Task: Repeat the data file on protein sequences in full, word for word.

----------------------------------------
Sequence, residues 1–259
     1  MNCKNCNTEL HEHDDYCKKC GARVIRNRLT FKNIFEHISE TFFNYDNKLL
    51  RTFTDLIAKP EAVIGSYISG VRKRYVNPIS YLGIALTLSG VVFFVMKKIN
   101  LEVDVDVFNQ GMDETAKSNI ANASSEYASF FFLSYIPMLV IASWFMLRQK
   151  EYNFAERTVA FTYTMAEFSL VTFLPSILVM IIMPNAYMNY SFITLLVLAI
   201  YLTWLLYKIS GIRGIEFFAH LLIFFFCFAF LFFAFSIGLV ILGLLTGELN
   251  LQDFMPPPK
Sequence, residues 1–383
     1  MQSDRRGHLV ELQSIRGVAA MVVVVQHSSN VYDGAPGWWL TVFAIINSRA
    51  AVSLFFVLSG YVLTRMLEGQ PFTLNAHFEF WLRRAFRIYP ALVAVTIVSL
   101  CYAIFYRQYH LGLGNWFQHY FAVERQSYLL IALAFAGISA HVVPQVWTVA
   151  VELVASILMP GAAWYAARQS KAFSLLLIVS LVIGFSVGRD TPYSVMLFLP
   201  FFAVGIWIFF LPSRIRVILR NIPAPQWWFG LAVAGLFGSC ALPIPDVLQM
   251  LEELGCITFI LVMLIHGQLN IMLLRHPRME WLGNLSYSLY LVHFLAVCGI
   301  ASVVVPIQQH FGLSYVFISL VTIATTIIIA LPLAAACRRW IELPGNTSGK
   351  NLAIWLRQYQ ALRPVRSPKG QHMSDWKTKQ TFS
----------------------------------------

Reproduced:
Sequence, residues 1–259
     1  MNCKNCNTEL HEHDDYCKKC GARVIRNRLT FKNIFEHISE TFFNYDNKLL
    51  RTFTDLIAKP EAVIGSYISG VRKRYVNPIS YLGIALTLSG VVFFVMKKIN
   101  LEVDVDVFNQ GMDETAKSNI ANASSEYASF FFLSYIPMLV IASWFMLRQK
   151  EYNFAERTVA FTYTMAEFSL VTFLPSILVM IIMPNAYMNY SFITLLVLAI
   201  YLTWLLYKIS GIRGIEFFAH LLIFFFCFAF LFFAFSIGLV ILGLLTGELN
   251  LQDFMPPPK
Sequence, residues 1–383
     1  MQSDRRGHLV ELQSIRGVAA MVVVVQHSSN VYDGAPGWWL TVFAIINSRA
    51  AVSLFFVLSG YVLTRMLEGQ PFTLNAHFEF WLRRAFRIYP ALVAVTIVSL
   101  CYAIFYRQYH LGLGNWFQHY FAVERQSYLL IALAFAGISA HVVPQVWTVA
   151  VELVASILMP GAAWYAARQS KAFSLLLIVS LVIGFSVGRD TPYSVMLFLP
   201  FFAVGIWIFF LPSRIRVILR NIPAPQWWFG LAVAGLFGSC ALPIPDVLQM
   251  LEELGCITFI LVMLIHGQLN IMLLRHPRME WLGNLSYSLY LVHFLAVCGI
   301  ASVVVPIQQH FGLSYVFISL VTIATTIIIA LPLAAACRRW IELPGNTSGK
   351  NLAIWLRQYQ ALRPVRSPKG QHMSDWKTKQ TFS